Earnhardt Jr.'s win allows special light to shine on boss Rick Hendrick
Most times sporting events are measured in the won-loss column and with statistics that quantify and explain objective performance criteria.
Sometimes they are about things much larger.
Every once in a great while, they are about life and death, about feelings and emotions that can't be readily and objectively measured or even explained. Sometimes what happens in competition is bigger than the game, at least to those select who are closest to it.
And that's exactly what happened Sunday afternoon at Martinsville Speedway, NASCAR's oldest and smallest track.
Under the most perfect weather imaginable, Dale Earnhardt Jr. and Jeff Gordon delivered a 1-2 finish at Martinsville for team owner Rick Hendrick. It was near this very track 10 years ago that Hendrick suffered a loss of unimaginable consequence when his only son, Ricky; his brother, John; John's twin daughters, Kimberly and Jennifer; and six others close to Hendrick perished in a plane crash on a foggy October morning.
Eight days after the crash, Hendrick assembled his entire motorsports operation at the team's headquarters in Concord, N.C., and promised them that the team would continue, that they would heal together and somehow work through the tragedy that shook them to the core.
And so coming to Martinsville twice a year is something that Hendrick does, in part to honor the memory of those who died and in part because he leads by example, no matter how painful it is to do so.
Winning any race at Martinsville is something special for the team, but winning a milestone race like this one is somehow that much bigger.
In the spring of 2012, Hendrick Motorsports was sitting on 199 team victories in the NASCAR Sprint Cup Series. Jeff Gordon and Jimmie Johnson were running 1-2 during a green-white-checkered restart when Clint Bowyer dive-bombed the bottom of the track, wrecking both Hendrick cars and allowing Ryan Newman to win. It's little wonder that later that year the normally mild-mannered Gordon drilled Bowyer into the wall at Phoenix, kicking off a scrum between crews on pit road.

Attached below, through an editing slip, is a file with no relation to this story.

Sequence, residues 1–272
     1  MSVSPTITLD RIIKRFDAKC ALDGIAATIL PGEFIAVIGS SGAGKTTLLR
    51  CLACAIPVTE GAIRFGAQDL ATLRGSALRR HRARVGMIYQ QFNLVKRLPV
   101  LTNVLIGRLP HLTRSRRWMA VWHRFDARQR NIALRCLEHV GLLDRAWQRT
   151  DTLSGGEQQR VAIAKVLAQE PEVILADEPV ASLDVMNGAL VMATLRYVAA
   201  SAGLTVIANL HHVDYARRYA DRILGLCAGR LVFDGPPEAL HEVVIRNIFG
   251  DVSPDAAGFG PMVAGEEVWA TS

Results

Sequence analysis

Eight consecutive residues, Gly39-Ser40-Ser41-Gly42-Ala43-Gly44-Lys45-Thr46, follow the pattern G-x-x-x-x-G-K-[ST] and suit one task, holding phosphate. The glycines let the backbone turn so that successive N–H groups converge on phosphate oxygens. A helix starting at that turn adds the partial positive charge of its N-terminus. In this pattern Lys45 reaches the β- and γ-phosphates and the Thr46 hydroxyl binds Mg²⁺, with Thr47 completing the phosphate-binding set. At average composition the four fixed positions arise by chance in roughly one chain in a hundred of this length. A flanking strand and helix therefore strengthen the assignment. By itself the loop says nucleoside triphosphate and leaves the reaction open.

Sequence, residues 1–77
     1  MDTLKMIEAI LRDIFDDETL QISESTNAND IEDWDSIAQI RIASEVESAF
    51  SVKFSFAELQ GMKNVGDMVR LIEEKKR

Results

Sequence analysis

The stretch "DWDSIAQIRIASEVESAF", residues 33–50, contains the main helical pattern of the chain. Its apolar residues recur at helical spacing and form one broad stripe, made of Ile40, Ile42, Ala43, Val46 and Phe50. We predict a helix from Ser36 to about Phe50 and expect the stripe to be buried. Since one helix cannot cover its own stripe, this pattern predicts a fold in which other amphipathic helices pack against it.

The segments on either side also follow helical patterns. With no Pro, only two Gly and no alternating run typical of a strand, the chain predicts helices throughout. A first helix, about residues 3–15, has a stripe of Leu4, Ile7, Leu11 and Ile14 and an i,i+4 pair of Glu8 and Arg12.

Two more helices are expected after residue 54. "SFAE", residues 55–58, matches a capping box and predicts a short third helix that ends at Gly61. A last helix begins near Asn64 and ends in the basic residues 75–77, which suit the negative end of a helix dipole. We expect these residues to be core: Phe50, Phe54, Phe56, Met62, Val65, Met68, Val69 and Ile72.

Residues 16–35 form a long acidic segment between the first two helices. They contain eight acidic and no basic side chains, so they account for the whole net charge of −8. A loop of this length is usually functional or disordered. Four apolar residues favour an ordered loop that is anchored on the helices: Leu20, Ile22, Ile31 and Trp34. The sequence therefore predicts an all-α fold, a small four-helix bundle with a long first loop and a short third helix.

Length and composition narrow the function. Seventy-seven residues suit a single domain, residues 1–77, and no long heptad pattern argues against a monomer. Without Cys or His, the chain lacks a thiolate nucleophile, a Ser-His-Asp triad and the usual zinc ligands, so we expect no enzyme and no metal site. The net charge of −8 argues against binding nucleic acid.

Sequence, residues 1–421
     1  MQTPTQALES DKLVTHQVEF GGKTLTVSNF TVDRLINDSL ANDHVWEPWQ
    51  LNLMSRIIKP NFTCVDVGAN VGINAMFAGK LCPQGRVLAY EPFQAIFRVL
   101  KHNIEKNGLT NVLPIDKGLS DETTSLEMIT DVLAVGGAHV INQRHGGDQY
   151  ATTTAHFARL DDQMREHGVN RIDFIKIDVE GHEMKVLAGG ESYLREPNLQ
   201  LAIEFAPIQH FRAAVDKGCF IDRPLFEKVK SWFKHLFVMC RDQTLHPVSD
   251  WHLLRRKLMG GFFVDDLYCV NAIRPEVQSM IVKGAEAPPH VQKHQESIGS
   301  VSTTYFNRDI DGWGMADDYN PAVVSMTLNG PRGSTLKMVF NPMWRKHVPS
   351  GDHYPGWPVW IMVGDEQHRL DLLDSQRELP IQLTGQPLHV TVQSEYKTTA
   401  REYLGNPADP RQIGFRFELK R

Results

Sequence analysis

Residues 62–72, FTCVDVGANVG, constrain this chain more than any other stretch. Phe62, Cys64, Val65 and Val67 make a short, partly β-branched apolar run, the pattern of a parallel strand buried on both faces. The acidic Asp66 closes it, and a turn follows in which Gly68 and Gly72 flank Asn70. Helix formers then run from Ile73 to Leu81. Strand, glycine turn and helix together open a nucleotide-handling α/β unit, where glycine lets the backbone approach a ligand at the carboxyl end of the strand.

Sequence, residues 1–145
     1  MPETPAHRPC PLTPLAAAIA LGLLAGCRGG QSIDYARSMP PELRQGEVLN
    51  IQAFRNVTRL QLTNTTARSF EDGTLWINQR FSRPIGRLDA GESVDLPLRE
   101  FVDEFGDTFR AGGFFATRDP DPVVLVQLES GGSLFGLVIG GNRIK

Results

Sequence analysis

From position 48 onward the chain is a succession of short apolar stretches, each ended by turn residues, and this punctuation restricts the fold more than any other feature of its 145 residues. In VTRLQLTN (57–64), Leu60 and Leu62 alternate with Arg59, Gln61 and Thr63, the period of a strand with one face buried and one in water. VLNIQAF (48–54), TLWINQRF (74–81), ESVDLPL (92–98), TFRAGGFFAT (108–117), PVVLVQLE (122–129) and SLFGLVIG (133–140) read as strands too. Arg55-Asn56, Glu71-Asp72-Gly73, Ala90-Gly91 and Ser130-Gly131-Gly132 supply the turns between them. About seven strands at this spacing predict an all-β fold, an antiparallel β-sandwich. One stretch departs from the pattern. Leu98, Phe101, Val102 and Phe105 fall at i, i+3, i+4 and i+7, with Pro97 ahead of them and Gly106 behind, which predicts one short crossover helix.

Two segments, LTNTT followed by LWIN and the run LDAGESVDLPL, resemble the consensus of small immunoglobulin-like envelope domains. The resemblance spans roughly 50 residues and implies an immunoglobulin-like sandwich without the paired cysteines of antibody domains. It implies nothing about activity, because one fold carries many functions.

But through the tragedies and setbacks, Hendrick still comes back to Martinsville, the track where his team, then known as All-Star Racing was just days away from shutting its doors when Geoff Bodine won the team's first race in its inaugural season of 1984.
And when Rick Hendrick comes back to Martinsville, his guys find a little extra something. Everybody works just a little harder because they know what Martinsville means to the man many of them simply call "Mr. H."
Earnhardt's crew chief, Steve Letarte, said the boss has taught him a lot of life lessons.
"Those are the lessons that people that work for Rick learn," Letarte said Sunday. "It's not about managing money, budgets, hiring people. Those are all good things he does. But the great things he does very few people write about because they're hard to write about, they're hard to understand. I can say after 20 years, I'm a way better person for knowing Rick Hendrick than when I started employment there."
For his part, Earnhardt knew how much this meant to his boss.
"I could feel how important it was to him and his embrace, when he would hug me," said Earnhardt. "You just know there's a genuine hug and there's a hug. His was the real deal."
Earnhardt said he knew it was an emotionally challenging weekend, given the milestone.
"This is the 10th anniversary," said Earnhardt. "It's more difficult. The 10th anniversary sort of has you reflecting and remembering. On other anniversaries, you really don't have to remember as much or reflect as much. But when it sort of hits these particular anniversaries, like the 10th, you feel like you need to stand up and recognize and acknowledge. You do. You want to. There's a part of you that loves to celebrate those people's lives. But there's the other half of you that can't forget the loss."
And that made this weekend all the more special.
"Losing my dad was difficult," Earnhardt said of his father's passing in a last-lap accident in the 2001 Daytona 500. "I can't imagine that loss that he (Hendrick) went through, his family went through, the whole organization. All those people at one time. It just has to be unbelievable to have to deal with that. I think I've paralleled my loss and his loss until I started working with him, then I started understanding it's quite a bit larger void that it created.
"They do a lot to recognize and remember and celebrate those people's lives," he said. "I think the more years, the more time I spend around the organization, the more I started to understand what that weekend means to the company."
Asked if he was surprised that the boss still shows up here, Gordon said he wasn't.
"Under normal circumstances I would have said that I would be surprised," said Gordon. "But he's not normal. I mean, this is an extraordinary man that when all that went down, (eight) days later he was at Hendrick Motorsports speaking to all the employees. I mean, I was shocked then. I'm not shocked that he comes here now.
"It's just the kind of person that he is. I know it's not easy on him. I really do. I know that it puts extra pressure on us at Hendrick Motorsports when he's here to get that win because it's a way to really pay tribute. It's the ultimate way you can do it."
VIDEO: Jimmie Johnson looks back on the 10-year anniversary of the plane crash that rocked Hendrick Motorsports